AEW's Jim Ross On Calling Matches In The Ring Vs. Rehearsal And Memorization

Although pro wrestling is a predetermined sport, a lot of the in-ring action is called on the fly by the performers. In the lead-up to the 2003 Survivor Series, a report claimed that Steve Austin and some of WWE's backstage producers were encouraging wrestlers to no longer rehearse matches, urging them to listen to their instincts and react to the crowds while performing in a live setting. 


On a recent episode of "Grilling Jr," Jim Ross reflected on those drastic changes in the industry, and explained why the wrestlers who refused to adapt to the new lay of the land struggled to remain in top spots.  

"A lot of talents just don't want to change," Ross said. "They like the match-by-memory scenario. I don't, quite frankly. Because my guys get off their script, or off their set pattern of moves, and they have to deviate sometimes [if] things go awry ... [otherwise] the match becomes sloppy and somewhat predictable. So, it was time to ... I just think talents are so much better off if they are connected emotionally and psychologically to each other in a match, instead of going by memory."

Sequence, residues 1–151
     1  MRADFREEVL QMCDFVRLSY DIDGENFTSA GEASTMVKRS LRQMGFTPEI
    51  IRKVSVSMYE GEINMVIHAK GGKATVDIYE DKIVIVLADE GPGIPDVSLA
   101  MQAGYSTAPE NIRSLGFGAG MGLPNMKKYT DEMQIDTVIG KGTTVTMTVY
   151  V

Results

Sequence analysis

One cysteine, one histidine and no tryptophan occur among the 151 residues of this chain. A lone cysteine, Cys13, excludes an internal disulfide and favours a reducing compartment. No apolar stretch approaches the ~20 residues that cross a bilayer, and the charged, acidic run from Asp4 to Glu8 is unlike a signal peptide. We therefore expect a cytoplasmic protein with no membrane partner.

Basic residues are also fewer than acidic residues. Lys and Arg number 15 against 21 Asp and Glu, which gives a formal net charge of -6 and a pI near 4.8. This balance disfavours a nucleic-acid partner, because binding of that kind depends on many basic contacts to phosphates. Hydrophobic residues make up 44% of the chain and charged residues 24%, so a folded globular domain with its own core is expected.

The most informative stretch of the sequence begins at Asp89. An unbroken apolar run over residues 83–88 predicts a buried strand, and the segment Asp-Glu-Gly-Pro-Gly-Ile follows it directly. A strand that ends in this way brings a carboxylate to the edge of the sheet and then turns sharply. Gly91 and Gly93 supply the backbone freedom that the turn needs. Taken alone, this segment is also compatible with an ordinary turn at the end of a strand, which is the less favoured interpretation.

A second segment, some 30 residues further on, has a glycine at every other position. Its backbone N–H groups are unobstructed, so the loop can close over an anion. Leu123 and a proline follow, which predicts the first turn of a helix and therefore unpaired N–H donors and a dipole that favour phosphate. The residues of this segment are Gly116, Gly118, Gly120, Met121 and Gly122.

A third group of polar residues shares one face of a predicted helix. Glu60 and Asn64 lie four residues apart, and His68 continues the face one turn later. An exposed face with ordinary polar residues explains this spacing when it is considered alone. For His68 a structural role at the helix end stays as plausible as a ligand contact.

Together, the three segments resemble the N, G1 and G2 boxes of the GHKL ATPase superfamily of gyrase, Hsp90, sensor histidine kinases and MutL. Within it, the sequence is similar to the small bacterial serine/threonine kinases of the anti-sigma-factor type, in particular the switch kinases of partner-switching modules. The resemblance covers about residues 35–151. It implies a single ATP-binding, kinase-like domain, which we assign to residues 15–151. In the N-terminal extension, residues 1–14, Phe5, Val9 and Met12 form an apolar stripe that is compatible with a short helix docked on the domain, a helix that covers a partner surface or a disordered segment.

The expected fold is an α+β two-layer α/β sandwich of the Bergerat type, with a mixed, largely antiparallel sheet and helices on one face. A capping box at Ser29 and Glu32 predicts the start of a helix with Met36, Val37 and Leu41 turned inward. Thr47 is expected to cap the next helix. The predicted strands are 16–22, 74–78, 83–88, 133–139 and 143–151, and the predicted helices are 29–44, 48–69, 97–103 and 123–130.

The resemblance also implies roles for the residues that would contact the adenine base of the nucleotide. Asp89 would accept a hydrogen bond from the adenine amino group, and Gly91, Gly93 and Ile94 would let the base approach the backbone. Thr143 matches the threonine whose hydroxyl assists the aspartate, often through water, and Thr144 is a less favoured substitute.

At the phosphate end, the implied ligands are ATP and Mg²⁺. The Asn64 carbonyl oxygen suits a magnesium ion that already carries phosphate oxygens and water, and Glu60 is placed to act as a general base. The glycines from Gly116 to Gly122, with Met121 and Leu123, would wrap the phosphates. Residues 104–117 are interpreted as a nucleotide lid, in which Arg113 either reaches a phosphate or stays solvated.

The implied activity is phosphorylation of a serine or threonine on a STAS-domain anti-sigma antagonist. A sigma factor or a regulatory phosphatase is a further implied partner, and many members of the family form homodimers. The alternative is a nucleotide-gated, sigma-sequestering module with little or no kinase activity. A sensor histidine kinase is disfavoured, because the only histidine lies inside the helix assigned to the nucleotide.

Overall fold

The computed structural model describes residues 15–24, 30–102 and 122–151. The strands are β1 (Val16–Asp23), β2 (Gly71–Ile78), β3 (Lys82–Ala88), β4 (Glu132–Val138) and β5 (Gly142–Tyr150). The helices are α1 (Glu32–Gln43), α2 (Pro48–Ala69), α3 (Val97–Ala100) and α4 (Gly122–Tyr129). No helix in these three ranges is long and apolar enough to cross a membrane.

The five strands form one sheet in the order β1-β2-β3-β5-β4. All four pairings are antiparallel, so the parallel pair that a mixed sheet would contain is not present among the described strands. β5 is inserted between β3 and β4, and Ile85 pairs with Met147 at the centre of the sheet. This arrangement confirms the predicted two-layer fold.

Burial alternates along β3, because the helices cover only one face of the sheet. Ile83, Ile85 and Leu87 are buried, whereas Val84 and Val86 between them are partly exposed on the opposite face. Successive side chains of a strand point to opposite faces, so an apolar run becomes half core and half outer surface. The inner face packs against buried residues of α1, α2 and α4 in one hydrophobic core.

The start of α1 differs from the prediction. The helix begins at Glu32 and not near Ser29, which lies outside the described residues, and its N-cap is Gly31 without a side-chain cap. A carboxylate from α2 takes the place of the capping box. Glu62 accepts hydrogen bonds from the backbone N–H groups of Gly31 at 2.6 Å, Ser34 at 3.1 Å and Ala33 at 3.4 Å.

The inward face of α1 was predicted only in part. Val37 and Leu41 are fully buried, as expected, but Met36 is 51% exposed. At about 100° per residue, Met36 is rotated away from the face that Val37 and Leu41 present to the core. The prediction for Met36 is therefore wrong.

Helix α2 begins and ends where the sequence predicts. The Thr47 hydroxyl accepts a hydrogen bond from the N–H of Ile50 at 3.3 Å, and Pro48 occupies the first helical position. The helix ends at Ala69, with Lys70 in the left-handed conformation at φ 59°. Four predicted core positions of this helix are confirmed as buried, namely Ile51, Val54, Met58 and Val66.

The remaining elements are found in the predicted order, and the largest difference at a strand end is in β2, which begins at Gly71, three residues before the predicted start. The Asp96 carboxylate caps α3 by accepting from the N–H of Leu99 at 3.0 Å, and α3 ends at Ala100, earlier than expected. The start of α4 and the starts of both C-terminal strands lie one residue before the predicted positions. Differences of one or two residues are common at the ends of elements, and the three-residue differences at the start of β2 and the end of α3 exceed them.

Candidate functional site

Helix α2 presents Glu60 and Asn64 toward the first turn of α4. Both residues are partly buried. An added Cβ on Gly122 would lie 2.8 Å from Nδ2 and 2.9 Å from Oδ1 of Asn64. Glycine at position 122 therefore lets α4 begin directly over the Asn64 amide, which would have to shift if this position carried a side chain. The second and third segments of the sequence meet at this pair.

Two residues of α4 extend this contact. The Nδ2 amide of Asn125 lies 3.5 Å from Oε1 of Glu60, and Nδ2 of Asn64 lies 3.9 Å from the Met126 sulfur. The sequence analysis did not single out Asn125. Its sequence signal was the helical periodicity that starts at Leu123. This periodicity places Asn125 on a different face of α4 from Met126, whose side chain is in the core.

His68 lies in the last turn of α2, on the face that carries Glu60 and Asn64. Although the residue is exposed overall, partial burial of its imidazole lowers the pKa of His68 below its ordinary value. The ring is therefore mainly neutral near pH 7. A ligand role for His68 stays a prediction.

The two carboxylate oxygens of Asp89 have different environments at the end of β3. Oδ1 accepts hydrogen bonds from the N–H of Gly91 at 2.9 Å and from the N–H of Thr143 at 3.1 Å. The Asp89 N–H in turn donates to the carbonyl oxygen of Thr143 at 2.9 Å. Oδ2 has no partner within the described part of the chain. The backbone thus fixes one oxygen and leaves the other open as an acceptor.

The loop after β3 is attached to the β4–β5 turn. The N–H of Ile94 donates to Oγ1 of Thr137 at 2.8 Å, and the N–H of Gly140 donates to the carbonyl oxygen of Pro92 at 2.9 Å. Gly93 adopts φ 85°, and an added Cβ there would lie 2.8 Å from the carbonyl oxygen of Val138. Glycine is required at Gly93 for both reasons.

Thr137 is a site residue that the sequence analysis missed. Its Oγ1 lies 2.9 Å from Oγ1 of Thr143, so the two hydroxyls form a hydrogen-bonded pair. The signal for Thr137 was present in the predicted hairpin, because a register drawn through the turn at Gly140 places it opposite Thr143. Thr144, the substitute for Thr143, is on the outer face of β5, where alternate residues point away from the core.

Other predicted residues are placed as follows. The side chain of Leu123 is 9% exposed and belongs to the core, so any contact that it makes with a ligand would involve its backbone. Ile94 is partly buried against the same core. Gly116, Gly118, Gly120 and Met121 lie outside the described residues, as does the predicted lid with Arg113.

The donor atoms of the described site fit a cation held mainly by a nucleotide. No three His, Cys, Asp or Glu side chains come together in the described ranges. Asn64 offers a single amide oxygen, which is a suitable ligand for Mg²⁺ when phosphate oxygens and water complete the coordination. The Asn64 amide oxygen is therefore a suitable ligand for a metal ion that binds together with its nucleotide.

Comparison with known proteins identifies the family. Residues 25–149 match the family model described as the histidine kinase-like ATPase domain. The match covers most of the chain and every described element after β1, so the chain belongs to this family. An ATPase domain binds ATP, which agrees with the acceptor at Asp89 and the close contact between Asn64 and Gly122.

Ross then explained why the old rehearsed format of putting together matches becomes "cumbersome" after a while, not just to performers and announcers, but even to the smart fans possessing intricate knowledge of the business. 

"It gets awkward sometimes, and that's what you don't want," Ross continued. "You want it to seem like a natural progression in a match. I like the fact that talents are calling it in the ring and they're using the material that works to make their match more believable, and that's always been the key. You do that by not memorizing your spots. Austin was one of many who wanted to go back to doing what they believed was the right thing for the match."